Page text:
U.S. Treasury Under Secretary for International Affairs Lael Brainard is on a whistle-stop tour of European nations this week, to demand of them "contingency plans" to use the EFSF and other funds to "directly recapitalize" the entire, sinking banking sector of the Eurozone. The urgency of the trip, the Wall Street Journal explained yesterday, is to "calm fears of cascading bank runs in Spain and other nations even before Greece's June 17 election."
Brainard was in Athens on Tuesday, Frankfurt on Wednesday, and she will go to Paris on Thursday, and Berlin on Friday. The problem can no longer be contained in any one country, the Journal warned, and it quoted a former senior Treasury official under Obama, Edwin Truman: "The real serious problem now is that the [European] banking system could blow up in the context of the Greek uncertainty. You could have a run on Greek banks, and Spanish banks, and Italian banks, and Portuguese banks."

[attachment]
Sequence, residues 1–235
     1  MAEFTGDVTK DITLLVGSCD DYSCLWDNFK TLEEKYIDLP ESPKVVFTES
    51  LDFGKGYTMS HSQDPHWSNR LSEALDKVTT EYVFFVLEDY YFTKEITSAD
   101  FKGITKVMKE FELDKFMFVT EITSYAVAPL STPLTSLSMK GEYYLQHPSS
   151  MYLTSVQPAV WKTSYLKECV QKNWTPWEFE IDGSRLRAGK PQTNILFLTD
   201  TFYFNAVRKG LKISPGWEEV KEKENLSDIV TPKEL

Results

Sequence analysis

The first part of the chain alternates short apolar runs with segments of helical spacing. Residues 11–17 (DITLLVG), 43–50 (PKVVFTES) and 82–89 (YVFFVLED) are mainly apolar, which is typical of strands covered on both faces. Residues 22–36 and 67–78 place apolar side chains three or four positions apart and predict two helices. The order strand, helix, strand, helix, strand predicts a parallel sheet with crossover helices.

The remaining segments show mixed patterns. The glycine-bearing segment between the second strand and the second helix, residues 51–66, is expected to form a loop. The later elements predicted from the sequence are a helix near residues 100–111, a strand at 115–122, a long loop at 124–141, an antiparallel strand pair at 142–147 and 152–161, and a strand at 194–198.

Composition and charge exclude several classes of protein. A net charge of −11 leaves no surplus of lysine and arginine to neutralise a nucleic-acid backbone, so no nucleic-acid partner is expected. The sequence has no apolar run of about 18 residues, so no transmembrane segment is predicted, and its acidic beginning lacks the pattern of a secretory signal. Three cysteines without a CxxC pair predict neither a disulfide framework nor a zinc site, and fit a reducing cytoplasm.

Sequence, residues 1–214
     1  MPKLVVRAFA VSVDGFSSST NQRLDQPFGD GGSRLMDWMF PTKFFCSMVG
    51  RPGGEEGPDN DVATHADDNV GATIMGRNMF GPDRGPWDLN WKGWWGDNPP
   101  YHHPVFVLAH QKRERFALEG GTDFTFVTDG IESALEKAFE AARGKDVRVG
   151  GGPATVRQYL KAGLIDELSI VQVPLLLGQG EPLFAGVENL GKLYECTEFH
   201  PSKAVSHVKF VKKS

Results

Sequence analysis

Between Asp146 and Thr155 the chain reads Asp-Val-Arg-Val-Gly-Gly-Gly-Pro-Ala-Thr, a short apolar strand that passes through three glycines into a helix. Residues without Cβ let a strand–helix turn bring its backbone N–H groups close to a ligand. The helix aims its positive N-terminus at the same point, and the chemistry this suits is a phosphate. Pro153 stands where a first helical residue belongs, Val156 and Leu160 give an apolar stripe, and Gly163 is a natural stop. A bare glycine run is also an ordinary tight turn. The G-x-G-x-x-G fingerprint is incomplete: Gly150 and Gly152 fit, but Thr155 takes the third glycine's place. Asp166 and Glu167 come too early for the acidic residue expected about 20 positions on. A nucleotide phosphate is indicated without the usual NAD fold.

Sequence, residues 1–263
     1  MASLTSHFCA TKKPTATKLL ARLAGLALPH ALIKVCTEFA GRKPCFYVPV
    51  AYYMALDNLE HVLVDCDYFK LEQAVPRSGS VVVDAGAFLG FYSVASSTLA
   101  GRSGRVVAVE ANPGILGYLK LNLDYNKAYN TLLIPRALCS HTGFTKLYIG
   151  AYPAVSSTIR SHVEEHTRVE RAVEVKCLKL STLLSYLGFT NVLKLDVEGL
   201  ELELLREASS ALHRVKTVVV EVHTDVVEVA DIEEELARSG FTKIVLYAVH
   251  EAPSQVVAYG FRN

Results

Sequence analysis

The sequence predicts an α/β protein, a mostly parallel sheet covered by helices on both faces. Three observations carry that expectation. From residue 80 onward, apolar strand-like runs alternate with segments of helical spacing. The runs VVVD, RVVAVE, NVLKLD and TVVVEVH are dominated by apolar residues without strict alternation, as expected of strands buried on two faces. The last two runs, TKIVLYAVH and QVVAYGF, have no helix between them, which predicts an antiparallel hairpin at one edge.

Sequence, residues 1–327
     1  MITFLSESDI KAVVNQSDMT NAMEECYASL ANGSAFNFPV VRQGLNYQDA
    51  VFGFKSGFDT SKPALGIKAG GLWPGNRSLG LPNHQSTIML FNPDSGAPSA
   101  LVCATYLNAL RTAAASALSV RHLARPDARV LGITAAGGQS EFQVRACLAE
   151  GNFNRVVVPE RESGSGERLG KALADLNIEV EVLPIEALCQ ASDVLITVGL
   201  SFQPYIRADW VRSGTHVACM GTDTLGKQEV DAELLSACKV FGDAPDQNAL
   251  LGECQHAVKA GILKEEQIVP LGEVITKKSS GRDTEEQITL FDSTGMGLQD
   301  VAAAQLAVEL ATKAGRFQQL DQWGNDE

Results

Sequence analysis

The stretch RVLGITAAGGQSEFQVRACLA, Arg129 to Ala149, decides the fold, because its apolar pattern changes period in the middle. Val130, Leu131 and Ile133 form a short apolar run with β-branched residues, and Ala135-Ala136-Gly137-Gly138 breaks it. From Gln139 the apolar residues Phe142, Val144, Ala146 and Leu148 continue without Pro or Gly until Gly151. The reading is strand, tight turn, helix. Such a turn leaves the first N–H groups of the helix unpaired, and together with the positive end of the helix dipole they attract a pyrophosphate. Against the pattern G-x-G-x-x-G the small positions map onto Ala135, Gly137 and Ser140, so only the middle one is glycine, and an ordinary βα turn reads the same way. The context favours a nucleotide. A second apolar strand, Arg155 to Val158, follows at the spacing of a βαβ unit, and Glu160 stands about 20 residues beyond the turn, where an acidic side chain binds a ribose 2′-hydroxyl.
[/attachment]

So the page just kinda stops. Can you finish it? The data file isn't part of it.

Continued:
In the case of Spain, every time you blink, the amount needed to bail out the banks goes up a notch. Yesterday, Nomura Securities had said that 65-70 billion euros would be required. Today, the Daily Telegraph quotes an unnamed government official saying the total will be 100 billion, or more. As for the autonomous regions, they just "discovered" that they have to refinance not 8 billion euros in debt for the remainder of the year, but 36 billion. And Finance Minister Montoro met with the VP of the Catalonia region yesterday, and promised that the government would announce a "plan" by Friday, of how the national government is going to help the regions get credit from the markets.
So, the debt just keeps piling up higher and higher, the more "solutions" people come up with.